Back in the dark days of 2005, when Rover collapsed with debts of £1.4 billion and the loss of 6,300 manufacturing jobs and 3,000 more in related supply functions, it was hard to imagine a UK car industry in the sort of buoyant position it enjoys today.
Car production has rebounded to above the point it reached before Rover’s demise, and looks set to keep climbing. The industry generates some £70 billion in turnover, there’s healthy investment from manufacturers, and British marques are very popular in home and export markets.
Popularity of UK marques
The success of British-based marques has had a two-fold effect on boosting the UK car industry economically speaking. Sales at home and through export markets are up and prestige brands are very popular, which is good news for the mainly mid to upmarket UK marques such as Jaguar, Land Rover, MINI and Rolls-Royce.
For example, Rolls-Royce has increased its sales four-fold from the time Rover collapsed. There is a general taste among buyers to go for a more prestigious car if they can – and flexible funding options make this more possible for more people – so prestige UK brands win.
It’s also fair to say that UK brands don’t really represent ‘mundane’ cars anymore and each car has a higher monetary value.
Foreign car makers operating in the UK, such as Nissan and Honda, have shown commitment to their UK operations with heavy investment in new facilities and an expansion which has not only created more jobs, but also more work for people in support industries. For example, Honda plans to make its Swindon plant the global hub for the high-selling Civic model – a car popular across a wide spectrum of drivers from experienced motorists to those learning the rules of the road – with a £200 million investment.
Jaguar Land Rover’s foreign parent – the Indian company Tata – has invested £10 billion in the business and sales have doubled in less than five years to 450,000 vehicles. This obviously has a positive effect on turnover, staffing levels, support industries and profitability.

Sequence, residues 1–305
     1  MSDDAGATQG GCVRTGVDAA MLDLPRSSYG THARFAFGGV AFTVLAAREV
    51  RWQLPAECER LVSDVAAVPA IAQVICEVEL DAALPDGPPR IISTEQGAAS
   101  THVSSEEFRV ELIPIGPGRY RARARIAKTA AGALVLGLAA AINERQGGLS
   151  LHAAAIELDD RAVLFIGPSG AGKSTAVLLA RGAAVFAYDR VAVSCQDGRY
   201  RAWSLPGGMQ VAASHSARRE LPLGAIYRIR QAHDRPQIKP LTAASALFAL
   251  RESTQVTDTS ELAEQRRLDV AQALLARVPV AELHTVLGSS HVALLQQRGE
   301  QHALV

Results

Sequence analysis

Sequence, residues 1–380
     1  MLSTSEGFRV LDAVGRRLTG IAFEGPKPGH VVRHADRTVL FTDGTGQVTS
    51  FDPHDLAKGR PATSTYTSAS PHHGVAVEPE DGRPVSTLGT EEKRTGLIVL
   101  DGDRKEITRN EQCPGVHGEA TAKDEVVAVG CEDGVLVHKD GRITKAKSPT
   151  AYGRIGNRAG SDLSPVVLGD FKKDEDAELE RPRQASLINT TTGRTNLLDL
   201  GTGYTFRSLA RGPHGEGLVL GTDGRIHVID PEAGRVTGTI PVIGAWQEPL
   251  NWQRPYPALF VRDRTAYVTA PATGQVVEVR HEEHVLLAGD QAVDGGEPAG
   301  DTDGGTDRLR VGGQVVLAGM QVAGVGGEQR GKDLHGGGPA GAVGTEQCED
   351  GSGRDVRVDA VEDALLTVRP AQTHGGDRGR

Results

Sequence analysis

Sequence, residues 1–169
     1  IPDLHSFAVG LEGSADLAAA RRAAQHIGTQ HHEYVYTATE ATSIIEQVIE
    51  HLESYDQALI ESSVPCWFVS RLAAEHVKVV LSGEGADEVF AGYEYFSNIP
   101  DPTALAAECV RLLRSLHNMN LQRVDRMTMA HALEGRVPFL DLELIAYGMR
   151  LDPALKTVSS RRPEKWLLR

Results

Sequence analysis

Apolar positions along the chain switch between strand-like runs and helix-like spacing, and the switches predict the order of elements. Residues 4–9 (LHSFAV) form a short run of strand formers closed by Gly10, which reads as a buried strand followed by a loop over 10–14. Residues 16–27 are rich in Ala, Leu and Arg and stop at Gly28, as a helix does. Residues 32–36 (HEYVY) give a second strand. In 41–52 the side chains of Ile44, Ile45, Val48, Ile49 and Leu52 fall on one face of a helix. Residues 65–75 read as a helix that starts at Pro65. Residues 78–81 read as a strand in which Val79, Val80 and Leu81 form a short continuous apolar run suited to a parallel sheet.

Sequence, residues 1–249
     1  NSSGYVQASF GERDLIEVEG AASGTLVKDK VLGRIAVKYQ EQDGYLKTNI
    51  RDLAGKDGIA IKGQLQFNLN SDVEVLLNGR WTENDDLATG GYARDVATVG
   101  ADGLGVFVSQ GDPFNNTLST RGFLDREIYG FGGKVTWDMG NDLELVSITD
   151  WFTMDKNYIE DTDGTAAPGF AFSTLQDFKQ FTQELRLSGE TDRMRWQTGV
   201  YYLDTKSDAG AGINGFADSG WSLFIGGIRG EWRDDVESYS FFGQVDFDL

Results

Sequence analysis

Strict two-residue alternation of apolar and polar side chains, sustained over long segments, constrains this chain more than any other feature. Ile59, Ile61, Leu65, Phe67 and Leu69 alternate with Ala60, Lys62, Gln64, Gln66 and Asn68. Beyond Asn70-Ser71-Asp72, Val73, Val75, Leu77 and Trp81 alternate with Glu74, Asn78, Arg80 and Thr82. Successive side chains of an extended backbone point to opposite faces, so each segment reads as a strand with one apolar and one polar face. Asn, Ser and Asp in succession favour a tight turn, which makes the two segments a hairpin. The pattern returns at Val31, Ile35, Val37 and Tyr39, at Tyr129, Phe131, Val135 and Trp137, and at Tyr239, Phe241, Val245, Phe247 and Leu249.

This investment means new, exciting models are being developed to make the brands competitive, and new technologies such as hybrid and electric power are being developed with money behind them.
Communication with governments
Such a huge industry has needed a more co-operative political environment in order to thrive.
The popularity of UK brands, as discussed above, makes for healthy exports. which makes the UK car industry responsible for 10% of all exports. These exports are crucial for contributing to the growth needed to help the UK compete with its global rivals.
To grow the industry further, the next goal is to source more parts in the UK to lift the home-grown content of cars made here from its present level of about a third. This is a matter of encouraging component manufacturers to up their game – and providing the right conditions for SMEs to thrive in.
There’s still much to do and many challenges ahead, but the car UK car industry is ever-growing with a healthy demand for its products. It’s time to strike while the iron is hot and build on this to properly capitalize on the opportunities it offer in the long term, especially when it comes to replacing the gaps left by declining industries and the trimmed public sector.
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